Fermentation is one of the oldest forms of food preservation, contributing to about one-third of the world’s diet. Fermented foods help maintain the proper microorganic balance in the intestinal tract and aid in digestion.
Fermentation is the preservation of a range of raw agricultural materials. According to the Food and Agriculture Organization (FAO) of the United Nations, fermentation is achieved through the process of bioconverson of organic substances by microorganisms and/or enzymes of microbial, animal or plant origin.
In addition to balancing flora in the intestinal tract, fermentation enhances the nutritional value of food through the biosynthesis of essential amino acids, vitamins and protein. The culturing of yogurt, for example, increases the absorption of calcium and B vitamins.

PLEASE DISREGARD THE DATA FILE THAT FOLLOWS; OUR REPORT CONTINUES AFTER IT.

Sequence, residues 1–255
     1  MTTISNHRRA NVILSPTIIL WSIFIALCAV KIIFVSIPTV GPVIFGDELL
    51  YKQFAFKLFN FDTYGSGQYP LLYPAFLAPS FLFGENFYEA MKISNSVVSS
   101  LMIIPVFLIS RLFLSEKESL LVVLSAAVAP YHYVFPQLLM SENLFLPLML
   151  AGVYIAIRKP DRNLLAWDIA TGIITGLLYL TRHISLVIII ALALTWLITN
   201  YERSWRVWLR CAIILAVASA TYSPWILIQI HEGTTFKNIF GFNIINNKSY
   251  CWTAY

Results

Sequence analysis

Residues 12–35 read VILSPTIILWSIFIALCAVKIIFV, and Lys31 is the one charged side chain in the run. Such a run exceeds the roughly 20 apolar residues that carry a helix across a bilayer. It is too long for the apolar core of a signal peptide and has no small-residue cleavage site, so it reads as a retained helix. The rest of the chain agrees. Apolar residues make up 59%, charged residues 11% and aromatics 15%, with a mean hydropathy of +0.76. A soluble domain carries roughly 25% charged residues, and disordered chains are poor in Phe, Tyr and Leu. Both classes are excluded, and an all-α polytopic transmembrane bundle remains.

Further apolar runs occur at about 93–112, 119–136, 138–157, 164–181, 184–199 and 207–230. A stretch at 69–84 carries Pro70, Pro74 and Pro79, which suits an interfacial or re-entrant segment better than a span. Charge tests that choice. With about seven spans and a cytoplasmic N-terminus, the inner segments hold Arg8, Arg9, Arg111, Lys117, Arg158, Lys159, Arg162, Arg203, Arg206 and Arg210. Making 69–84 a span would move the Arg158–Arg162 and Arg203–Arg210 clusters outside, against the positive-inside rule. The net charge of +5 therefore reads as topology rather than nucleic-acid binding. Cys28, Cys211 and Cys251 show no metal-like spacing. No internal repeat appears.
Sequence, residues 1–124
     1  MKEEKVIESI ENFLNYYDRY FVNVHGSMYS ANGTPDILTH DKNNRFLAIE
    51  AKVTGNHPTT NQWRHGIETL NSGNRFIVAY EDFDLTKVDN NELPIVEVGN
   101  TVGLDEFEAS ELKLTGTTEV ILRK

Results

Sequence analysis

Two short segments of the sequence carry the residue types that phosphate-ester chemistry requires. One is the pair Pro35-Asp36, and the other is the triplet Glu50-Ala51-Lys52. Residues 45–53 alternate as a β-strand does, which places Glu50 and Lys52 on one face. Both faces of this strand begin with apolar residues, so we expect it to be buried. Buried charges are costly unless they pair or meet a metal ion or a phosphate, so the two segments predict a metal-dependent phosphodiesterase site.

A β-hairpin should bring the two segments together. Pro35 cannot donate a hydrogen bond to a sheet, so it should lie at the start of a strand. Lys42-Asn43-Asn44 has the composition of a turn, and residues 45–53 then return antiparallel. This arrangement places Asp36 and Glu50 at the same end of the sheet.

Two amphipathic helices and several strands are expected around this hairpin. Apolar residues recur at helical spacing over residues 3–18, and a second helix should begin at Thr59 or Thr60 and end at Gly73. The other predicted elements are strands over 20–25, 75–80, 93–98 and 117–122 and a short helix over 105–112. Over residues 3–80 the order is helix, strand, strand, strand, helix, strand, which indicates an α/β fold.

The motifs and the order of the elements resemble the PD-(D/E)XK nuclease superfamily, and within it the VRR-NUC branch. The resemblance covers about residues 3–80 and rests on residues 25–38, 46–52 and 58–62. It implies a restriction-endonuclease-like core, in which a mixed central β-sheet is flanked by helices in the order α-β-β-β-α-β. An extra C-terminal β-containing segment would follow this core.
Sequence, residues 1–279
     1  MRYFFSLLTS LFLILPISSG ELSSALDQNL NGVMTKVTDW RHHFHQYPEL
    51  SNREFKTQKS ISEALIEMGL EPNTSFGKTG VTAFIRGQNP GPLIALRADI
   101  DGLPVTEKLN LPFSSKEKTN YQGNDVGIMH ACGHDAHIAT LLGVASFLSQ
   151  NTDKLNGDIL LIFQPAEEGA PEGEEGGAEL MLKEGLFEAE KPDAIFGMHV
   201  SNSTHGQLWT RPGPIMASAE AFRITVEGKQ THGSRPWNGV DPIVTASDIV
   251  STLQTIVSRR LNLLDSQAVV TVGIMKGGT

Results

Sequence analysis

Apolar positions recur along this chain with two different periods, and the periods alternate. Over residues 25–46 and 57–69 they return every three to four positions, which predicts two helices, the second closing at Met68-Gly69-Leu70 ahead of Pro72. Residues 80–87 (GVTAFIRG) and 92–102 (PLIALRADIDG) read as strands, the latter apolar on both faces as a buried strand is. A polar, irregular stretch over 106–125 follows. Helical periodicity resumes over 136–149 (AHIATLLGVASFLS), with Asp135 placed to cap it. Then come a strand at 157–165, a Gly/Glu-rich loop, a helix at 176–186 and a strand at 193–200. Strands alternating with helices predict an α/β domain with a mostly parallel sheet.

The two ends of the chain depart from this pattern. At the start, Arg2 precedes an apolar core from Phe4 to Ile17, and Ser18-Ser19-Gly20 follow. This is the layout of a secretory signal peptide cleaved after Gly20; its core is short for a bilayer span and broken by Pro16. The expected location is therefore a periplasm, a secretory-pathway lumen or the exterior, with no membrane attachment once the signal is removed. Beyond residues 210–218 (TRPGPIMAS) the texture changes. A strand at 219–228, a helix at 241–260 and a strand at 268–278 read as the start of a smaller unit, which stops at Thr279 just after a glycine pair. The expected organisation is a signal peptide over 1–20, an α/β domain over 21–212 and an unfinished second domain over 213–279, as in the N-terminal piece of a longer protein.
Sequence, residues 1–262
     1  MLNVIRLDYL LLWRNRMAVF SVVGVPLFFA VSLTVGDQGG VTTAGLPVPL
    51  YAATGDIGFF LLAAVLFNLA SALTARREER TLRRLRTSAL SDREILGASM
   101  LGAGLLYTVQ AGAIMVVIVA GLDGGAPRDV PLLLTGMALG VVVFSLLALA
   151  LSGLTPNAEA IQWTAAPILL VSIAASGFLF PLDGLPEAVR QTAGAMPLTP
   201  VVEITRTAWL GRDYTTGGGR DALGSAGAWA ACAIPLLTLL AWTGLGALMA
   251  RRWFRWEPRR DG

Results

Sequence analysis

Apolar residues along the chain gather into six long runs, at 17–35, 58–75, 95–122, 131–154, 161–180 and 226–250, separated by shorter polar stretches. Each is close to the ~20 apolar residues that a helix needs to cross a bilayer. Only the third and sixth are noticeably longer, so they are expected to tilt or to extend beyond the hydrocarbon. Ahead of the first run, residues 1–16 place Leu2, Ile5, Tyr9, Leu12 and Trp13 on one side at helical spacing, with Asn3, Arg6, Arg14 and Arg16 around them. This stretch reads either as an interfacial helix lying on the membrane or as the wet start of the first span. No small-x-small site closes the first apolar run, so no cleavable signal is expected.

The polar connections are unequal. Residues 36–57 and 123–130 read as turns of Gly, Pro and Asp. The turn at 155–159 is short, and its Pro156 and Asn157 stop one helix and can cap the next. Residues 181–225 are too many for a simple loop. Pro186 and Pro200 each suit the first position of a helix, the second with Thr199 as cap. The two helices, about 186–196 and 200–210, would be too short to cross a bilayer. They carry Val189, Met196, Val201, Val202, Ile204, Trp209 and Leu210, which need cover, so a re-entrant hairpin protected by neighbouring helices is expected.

Dairy sources of fermented foods include cheese, kefir and yogurt. Yogurt can be made from cow’s milk or goat’s milk; goat milk yogurt is said to be easier to digest.
Plant sources of fermented foods include kimchi, sauerkraut, miso, tempeh and soybeans. Fermented foods such as bread and wine have been consumed for thousands of years.
In Supplement Form
Probiotics are the dietary supplement form of fermented foods. They are available in tablets, capsules, powders, beverages and suppositories.